Once again, it all comes down the writing. But I feel like the show is in such a state that if you were to change one thing, everything else would begin to topple with it. McKenzie is as bland as he usually is, but it's not an affected blandness. He doesn't seem to be bland by design. But when you have him acting against a Donal Logue, or whoever plays Edward Nigma (who is way too over the top in this), the two acting styles are jarring together. I've said this on facebook, but if James Gordon is going to be played with the level of restraint McKenzie brings to the role, so too should everyone else around him. Because when you get scenes with him acting opposite Fish Mooney or Nigma, their acting seems wildly bad by comparison because of how heightened they are. I've often said this on this forum when it comes to shows, but I do believe that everyone should look and sound like they belong in the same universe. James Gordon as played by McKenzie doesn't belong on this show.

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 Post subject: Re: Gotham Tv Series
PostPosted: Thu Oct 16, 2014 7:19 pm 
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t3cii wrote:
The way she is written, it almost makes me wonder if the show could diverge from the mythology and have her be killed? Not that she's so annoying she should be killed, but her character doesn't really jive with Gordon's at all. We haven't seen anything to suggest these two would make a good couple, let alone a good married couple. She almost feels like the type of character the hero of the story is initially with, until he finds the real love of his life.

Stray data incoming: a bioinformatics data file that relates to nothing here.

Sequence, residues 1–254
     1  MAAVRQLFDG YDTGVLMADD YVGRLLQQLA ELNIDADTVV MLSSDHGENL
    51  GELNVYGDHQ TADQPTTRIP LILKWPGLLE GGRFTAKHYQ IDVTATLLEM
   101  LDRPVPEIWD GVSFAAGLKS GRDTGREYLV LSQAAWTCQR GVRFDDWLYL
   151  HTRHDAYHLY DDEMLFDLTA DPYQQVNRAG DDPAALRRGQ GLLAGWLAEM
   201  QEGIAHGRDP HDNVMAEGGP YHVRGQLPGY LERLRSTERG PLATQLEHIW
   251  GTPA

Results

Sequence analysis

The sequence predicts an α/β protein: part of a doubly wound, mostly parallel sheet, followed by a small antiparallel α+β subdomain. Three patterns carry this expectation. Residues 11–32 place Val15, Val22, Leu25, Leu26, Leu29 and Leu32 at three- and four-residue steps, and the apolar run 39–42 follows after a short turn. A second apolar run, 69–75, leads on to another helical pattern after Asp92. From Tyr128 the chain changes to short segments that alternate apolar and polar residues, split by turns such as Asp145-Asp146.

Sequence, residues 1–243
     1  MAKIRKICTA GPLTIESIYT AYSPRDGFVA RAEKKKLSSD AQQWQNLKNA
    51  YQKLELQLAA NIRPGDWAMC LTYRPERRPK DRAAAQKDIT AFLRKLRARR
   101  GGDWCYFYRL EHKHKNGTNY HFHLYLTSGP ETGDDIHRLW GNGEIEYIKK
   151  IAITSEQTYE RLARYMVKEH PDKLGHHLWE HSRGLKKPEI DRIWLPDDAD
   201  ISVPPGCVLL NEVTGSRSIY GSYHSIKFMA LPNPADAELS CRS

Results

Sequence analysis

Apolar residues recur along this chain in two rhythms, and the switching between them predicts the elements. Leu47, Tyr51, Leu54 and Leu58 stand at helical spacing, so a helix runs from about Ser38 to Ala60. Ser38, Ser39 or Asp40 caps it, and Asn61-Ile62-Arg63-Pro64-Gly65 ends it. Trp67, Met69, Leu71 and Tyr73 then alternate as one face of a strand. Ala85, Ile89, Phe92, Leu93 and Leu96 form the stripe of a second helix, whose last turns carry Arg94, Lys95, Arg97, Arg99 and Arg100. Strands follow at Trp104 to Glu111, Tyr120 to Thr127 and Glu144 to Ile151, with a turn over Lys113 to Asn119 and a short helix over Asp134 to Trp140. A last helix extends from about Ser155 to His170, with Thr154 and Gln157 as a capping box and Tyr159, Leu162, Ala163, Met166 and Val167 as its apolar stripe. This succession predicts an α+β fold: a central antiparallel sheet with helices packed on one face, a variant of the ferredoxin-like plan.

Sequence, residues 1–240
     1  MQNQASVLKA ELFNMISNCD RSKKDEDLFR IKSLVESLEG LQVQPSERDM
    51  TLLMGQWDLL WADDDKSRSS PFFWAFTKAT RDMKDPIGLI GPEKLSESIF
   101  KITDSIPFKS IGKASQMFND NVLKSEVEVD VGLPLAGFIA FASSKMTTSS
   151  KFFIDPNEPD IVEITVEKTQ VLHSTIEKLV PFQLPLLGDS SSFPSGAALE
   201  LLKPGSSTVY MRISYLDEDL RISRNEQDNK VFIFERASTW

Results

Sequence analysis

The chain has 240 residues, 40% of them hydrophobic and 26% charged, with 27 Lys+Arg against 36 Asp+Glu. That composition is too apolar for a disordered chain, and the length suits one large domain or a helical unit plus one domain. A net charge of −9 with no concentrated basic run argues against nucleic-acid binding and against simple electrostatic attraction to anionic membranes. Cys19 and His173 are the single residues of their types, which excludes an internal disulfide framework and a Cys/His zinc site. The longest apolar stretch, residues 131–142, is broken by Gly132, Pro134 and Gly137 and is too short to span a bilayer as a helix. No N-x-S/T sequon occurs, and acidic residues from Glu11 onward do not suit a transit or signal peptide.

Actually, there would be precedent for that. I understand that in the comics, Barbara was only his first wife, until Gordon had an affair with and eventually married... Sarah Essen. In this case, I'm not sure that would be an upgrade.

HOWEVER! Rumor has it that the show will be bringing in Dr. Leslie Thompkins -- Bruce Wayne's godmother -- as a love interest for Gordon. Hopefully, this will be a nice shot in the arm for the Bruce storyline and the Gordon/Barbara arc.

t3cii wrote:
McKenzie is as bland as he usually is, but it's not an affected blandness. He doesn't seem to be bland by design. But when you have him acting against a Donal Logue, or whoever plays Edward Nigma (who is way too over the top in this), the two acting styles are jarring together. I've said this on facebook, but if James Gordon is going to be played with the level of restraint McKenzie brings to the role, so too should everyone else around him. Because when you get scenes with him acting opposite Fish Mooney or Nigma, their acting seems wildly bad by comparison because of how heightened they are. I've often said this on this forum when it comes to shows, but I do believe that everyone should look and sound like they belong in the same universe. James Gordon as played by McKenzie doesn't belong on this show.